Lieff Cabraser and Carney Bates & Pulliam announce the filing of a federal class action child privacy protection lawsuit on behalf of parents in California against Viacom and others. Plaintiffs, a California mother and her child, allege that the companies violate privacy protection laws by exporting children’s personal and identifying information from child-focused mobile Nickelodeon games to advertising networks without first obtaining the parental consent required by federal and state law.
Basis of the Viacom Class Action Child Privacy Violations Lawsuit
The action is brought by the parent of a child who, while playing Nickelodeon games via smart phone apps, had her personally identifying information exfiltrated by Viacom and its partners for future commercial exploitation in direct violation of the federal Children’s Online Privacy Protection Act (“COPPA”), 15 U.S.C. §§ 6501–6506. Plaintiffs also bring their claims under state law to obtain damages and a court injunction forcing the companies to cease these practices and sequester all illegally obtained information.
The complaint also names Upsight and Unity, the ad tech companies that embedded software in Viacom’s child-focused Nickelodeon apps to track, collect, and export the children’s personal information. The complaint alleges that this software captures children’s personal information along with information about their online behavior, which is then sold to third party companies which track the children’s behavior across multiple apps and devices for subsequent ad targeting.
“These child data and privacy laws were enacted by Congress and individual states as critical protections for our children, to safeguard their security online and to ensure they are not unwittingly exploited for financial gain,” notes Michael W. Sobol, a Lieff Cabraser partner and one of the attorneys who filed the lawsuit. “With Viacom’s focus on children as their audience for entertainment but also profit, Viacom has a fundamental obligation to make sure their games and apps – especially Nickelodeon games and apps – comply with child data and child privacy law. They and the companies they work with must obtain verifiable parental consent before extracting kids’ data from their mobile devices when kids play Nickelodeon games.”
The lawsuit follows in the wake of similar recent filings on behalf of aggrieved parents against The Walt Disney Company as well as developers Kiloo & Sybo, creators of the massively popular “Subway Surfers” smartphone game. Each of the lawsuits puts forward the same core claims alleging improper data extraction and child information merchandising by the game creators and their tech partners.
COPPA Federal Child Data Protection Laws
Congress enacted COPPA in 1999 to protect the privacy and safety of children online, and the autonomy of their parents, by providing parents the means to halt developers and third-party advertisers from snooping on and profiting from their children.
Many parents, however, are unaware that countless web and smartphone apps, including those created for children, are engineered to unlawfully exploit and commercialize underage users’ activity through hidden tracking technologies. As alleged in the Nickelodeon complaint, these technologies unlawfully and surreptitiously collect and send data, including the users’ personal information, from the mobile devices to third-parties. App developers and other third-parties then reap millions of dollars in profit from this personal information through lucrative targeted advertising.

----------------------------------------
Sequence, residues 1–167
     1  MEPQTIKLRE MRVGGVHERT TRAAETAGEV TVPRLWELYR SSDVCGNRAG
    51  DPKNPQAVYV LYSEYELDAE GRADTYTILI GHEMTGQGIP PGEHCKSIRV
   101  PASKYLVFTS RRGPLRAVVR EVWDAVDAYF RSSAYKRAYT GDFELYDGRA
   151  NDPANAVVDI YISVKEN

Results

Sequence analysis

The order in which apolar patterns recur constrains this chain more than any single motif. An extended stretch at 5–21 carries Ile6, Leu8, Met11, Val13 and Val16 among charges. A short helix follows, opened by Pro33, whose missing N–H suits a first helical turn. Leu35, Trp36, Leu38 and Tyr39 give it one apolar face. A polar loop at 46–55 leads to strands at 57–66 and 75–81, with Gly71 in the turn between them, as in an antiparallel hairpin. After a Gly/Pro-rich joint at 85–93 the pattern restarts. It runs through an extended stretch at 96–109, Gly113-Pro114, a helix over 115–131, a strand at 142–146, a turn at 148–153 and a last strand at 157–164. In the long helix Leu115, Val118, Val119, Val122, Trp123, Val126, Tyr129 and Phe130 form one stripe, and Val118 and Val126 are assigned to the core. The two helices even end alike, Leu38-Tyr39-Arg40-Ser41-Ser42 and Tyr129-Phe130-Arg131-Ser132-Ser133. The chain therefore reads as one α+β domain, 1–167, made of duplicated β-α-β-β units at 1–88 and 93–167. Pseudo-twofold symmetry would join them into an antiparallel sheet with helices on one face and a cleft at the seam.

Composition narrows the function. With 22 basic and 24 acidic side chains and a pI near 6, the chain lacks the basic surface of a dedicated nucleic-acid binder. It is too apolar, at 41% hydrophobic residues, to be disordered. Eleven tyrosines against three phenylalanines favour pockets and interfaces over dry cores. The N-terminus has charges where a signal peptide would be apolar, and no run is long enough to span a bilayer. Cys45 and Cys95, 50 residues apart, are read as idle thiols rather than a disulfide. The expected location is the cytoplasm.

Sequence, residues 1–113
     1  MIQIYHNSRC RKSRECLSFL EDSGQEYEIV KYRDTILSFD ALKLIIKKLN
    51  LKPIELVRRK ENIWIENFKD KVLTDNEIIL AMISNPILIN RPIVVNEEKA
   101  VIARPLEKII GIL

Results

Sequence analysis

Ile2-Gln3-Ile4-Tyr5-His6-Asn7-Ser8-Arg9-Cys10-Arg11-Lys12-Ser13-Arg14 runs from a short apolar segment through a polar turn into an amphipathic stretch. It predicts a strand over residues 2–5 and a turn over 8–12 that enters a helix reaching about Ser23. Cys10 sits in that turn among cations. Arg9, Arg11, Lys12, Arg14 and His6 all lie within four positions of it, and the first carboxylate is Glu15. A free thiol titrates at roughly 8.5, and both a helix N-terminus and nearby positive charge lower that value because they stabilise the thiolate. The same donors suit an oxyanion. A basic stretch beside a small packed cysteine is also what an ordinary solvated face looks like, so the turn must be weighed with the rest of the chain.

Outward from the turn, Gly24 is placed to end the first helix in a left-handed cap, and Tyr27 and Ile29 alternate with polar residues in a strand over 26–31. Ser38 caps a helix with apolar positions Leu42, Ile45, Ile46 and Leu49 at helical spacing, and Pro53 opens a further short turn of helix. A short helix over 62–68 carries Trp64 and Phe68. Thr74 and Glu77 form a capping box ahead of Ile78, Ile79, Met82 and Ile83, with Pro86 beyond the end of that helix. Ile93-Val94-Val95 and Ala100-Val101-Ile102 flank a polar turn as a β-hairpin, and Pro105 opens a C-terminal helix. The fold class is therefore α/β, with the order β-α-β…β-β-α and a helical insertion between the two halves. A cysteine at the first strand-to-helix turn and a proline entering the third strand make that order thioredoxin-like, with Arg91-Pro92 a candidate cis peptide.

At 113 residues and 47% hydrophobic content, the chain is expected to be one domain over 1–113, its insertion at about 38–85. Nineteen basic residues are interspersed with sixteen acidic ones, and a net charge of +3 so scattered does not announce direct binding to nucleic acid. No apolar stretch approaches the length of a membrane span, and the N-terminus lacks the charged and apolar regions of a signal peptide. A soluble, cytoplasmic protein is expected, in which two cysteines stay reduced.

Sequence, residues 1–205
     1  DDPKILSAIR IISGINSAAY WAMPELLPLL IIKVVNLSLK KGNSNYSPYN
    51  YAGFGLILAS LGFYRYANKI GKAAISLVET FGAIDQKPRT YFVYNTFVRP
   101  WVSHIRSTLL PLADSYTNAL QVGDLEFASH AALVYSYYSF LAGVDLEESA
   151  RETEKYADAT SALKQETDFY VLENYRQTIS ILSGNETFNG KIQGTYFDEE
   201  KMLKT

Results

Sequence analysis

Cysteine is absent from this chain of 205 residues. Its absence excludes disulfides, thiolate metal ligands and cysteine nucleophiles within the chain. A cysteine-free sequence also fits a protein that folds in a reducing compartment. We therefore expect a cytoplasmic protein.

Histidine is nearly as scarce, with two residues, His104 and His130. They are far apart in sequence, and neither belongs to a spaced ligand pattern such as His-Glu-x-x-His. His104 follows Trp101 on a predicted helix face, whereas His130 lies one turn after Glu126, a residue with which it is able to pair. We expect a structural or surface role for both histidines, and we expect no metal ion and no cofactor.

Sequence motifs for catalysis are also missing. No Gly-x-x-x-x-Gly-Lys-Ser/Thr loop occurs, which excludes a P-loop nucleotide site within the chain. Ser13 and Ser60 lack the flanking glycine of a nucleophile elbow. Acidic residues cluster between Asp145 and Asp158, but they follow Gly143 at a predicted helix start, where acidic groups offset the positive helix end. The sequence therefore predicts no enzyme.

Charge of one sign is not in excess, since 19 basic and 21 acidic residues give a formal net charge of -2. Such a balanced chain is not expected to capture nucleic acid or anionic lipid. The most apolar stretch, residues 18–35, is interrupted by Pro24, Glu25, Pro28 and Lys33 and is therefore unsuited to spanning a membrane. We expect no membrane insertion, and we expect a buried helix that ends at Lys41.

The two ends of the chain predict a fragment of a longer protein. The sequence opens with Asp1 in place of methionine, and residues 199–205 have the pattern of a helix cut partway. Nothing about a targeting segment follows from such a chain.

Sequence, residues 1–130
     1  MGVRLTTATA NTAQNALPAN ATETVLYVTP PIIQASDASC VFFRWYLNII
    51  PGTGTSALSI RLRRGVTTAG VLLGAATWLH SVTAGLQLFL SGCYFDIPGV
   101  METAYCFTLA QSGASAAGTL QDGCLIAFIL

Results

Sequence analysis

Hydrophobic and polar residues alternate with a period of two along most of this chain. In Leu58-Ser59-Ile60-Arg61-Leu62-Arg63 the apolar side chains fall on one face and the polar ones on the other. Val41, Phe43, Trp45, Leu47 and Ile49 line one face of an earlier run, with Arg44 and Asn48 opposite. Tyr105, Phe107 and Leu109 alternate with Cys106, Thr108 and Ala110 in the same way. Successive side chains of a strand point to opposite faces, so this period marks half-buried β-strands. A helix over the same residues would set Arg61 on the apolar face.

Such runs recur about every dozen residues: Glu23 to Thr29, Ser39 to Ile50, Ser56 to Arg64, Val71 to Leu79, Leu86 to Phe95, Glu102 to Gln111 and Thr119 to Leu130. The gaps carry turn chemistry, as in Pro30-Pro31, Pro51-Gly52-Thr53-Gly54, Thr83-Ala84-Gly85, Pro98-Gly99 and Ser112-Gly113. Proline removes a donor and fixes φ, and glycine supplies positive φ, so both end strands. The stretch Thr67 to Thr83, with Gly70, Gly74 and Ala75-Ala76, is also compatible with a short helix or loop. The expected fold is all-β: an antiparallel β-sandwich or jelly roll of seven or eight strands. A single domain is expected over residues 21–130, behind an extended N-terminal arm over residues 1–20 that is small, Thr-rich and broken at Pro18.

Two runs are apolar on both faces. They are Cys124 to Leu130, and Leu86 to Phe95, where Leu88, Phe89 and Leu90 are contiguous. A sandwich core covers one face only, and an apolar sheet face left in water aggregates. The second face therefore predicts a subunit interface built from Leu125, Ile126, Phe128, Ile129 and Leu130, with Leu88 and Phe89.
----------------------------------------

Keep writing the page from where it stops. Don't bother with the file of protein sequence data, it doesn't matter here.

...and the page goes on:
The parent of a minor child brought the lawsuit seeking an injunction to force the defendants to cease tracking the personal information of children without obtaining parental consent and to bring defendants in compliance with COPPA. The parents also seek damages as may be permitted under state law.
Notice to Parents on Child Privacy Violations in Games and Apps
If your child uses an internet-connected game device to play games from Nickelodeon or any other company and you suspect your child’s personal information may have been improperly acquired or used, please contact us about your potential case. Our no-obligation review is free, and the information you provide will help us hold companies accountable for COPPA privacy violations and the exploitation of children and/or any other data improprieties that have occurred.
About Lieff Cabraser
Lieff Cabraser is committed to helping parents protect their children, their privacy, and their children’s information in a world where electronic toys and games and digital devices with inherent security vulnerabilities are growing more and more pervasive. Our lawyers possess extensive experience and the requisite technological background to successfully assess and litigate all manner of privacy claims. We represent individuals in precedent-setting cases impacting hundreds of millions of Americans against prominent technology, social media, and entertainment corporations for alleged violations of digital privacy rights, data overreaching, and the failure to protect critically-sensitive information.
About Carney Bates & Pulliam, PLLC
Carney Bates & Pulliam is a law firm based in Little Rock, Arkansas that specializes in class action litigation. From consumer protection to environmental hazards to civil rights to data privacy, Carney Bates & Pulliam achieves the maximum impact for the greatest number of people. The firm’s attorneys have a wide array of litigation experience and specialized legal knowledge. The diverse interests and backgrounds within the firm enable us to help clients across a vast spectrum. Carney Bates & Pulliam’s ability to analyze legal and societal trends means that our practice areas keep growing and evolving, changing to fit the needs of our clients.
Douglas I. Cuthbertson
Lieff Cabraser Heimann & Bernstein, LLP